Throwing an exception and handling this exception in the different application parts seems to be a legit solution? But what if those parts of our application, which can’t always expect an image, would instead always work with a Placeholder image? Wouldn’t it be nice to return a Placeholder image from the LoadImage method if no image was found?

Maybe; but in fact, the LoadImage method is not the right place to decide how to react, if an image isn’t available. That is why exceptions are a great tool to silence one’s conscience; because we return an image, and if no image exists then we throw an exception that can be handled by the caller. Unfortunately, no one who doesn’t look at our code will ever recognize that an exception gets thrown.

That’s why we need some concept to explicitly state, that our LoadImage method will return something that probably contains an image or not.

What are the alternatives?

If you’re using value types, .Net provides an excellent alternative, through the introduction of Nullable Types. Let us imagine that the example’s Image is a struct. Then we can change the signature to something like this:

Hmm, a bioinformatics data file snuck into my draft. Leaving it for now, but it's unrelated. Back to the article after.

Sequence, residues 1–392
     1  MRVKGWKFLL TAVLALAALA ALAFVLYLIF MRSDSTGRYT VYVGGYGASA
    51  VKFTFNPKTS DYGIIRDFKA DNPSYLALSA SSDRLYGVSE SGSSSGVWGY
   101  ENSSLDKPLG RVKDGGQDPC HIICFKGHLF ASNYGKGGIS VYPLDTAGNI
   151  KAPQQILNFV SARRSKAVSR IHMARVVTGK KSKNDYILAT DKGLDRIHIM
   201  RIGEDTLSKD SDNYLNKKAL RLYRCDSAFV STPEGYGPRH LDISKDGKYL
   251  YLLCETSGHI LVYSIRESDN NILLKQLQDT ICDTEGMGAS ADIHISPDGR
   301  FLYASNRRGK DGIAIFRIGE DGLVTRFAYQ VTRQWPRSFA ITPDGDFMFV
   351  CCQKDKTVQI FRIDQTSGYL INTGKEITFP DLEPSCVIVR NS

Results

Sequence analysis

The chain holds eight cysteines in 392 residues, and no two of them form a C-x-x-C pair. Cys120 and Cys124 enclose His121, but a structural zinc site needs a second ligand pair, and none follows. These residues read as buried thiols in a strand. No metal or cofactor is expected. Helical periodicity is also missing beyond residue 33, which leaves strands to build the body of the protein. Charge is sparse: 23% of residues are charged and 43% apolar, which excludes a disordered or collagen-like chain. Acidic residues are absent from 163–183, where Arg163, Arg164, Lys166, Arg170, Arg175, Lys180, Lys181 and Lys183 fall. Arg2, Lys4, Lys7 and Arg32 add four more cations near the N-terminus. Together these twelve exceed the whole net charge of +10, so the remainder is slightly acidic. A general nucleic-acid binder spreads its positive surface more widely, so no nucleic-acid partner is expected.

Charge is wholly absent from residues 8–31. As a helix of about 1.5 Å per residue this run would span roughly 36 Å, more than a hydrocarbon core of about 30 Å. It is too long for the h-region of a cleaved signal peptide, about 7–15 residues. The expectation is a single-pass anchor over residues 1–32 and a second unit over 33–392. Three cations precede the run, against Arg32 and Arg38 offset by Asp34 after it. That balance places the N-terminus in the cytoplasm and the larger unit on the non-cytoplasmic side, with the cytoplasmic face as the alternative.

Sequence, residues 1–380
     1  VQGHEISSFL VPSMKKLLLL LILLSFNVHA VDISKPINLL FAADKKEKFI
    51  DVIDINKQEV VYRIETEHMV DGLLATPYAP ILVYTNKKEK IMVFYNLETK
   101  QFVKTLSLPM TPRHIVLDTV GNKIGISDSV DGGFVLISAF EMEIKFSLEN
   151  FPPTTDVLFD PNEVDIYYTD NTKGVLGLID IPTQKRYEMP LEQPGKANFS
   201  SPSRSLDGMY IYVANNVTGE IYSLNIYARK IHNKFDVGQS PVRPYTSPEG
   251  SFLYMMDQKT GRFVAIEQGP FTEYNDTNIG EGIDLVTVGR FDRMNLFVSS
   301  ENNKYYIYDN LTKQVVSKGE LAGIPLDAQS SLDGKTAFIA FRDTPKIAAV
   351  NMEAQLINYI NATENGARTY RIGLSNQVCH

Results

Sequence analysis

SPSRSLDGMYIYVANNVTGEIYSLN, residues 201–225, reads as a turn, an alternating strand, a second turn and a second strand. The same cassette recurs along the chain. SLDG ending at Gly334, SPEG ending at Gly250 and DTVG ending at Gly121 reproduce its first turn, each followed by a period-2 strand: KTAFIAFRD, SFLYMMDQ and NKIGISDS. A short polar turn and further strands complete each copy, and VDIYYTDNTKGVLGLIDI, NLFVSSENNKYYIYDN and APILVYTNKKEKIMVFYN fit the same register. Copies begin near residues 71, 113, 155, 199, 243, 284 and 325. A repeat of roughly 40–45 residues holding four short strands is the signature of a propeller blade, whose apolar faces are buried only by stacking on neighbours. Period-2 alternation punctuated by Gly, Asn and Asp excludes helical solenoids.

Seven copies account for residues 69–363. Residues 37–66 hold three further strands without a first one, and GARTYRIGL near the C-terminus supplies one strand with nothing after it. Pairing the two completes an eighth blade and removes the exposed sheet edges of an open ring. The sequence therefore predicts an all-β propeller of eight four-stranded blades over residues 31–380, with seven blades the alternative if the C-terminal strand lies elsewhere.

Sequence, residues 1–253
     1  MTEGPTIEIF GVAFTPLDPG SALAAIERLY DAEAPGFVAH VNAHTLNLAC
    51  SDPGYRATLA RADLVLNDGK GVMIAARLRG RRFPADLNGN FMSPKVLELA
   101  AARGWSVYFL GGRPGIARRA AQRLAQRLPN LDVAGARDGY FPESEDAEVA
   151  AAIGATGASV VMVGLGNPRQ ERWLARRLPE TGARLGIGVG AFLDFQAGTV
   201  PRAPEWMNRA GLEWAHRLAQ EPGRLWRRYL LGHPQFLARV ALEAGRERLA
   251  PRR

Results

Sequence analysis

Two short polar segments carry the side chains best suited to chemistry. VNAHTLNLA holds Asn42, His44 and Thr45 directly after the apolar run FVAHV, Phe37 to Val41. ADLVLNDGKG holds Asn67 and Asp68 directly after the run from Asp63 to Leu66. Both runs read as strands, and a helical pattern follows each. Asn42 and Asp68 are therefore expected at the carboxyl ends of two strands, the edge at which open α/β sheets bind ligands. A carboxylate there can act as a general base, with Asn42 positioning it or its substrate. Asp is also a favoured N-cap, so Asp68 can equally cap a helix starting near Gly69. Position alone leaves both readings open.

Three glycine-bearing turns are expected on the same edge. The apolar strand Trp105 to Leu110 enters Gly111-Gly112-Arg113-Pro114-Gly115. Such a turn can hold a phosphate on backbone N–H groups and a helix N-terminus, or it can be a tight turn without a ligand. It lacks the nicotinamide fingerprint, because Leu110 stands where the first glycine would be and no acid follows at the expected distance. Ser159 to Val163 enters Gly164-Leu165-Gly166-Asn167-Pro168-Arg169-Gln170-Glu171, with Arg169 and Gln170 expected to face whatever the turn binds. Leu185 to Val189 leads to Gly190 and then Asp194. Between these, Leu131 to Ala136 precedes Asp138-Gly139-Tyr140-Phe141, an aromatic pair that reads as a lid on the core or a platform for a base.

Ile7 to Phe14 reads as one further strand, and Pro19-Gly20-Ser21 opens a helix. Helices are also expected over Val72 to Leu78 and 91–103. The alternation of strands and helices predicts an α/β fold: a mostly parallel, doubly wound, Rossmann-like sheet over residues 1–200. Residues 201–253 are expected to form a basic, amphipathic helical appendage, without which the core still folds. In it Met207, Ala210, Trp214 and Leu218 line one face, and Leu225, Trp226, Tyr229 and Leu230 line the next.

Image? LoadImage(Url imageUrl) 

This tells the method-caller explicitly that null can be returned, and we can infer, implicitly, that some cases don’t return an image. I think that’s nice!
But be careful if you are looking for a solution that fits reference types: You will find some advice, to not be that meticulous and just return null for reference types too.

In C# you can just return null
Stack Overflow at its best.

No one will ever check your LoadImage method for returning null. (Yes, I think that’s even less likely than checking for an exception.) And that is probably the reason why the whole thing you are working on, will crash one day. And you don’t want to be the one responsible for a crashing software.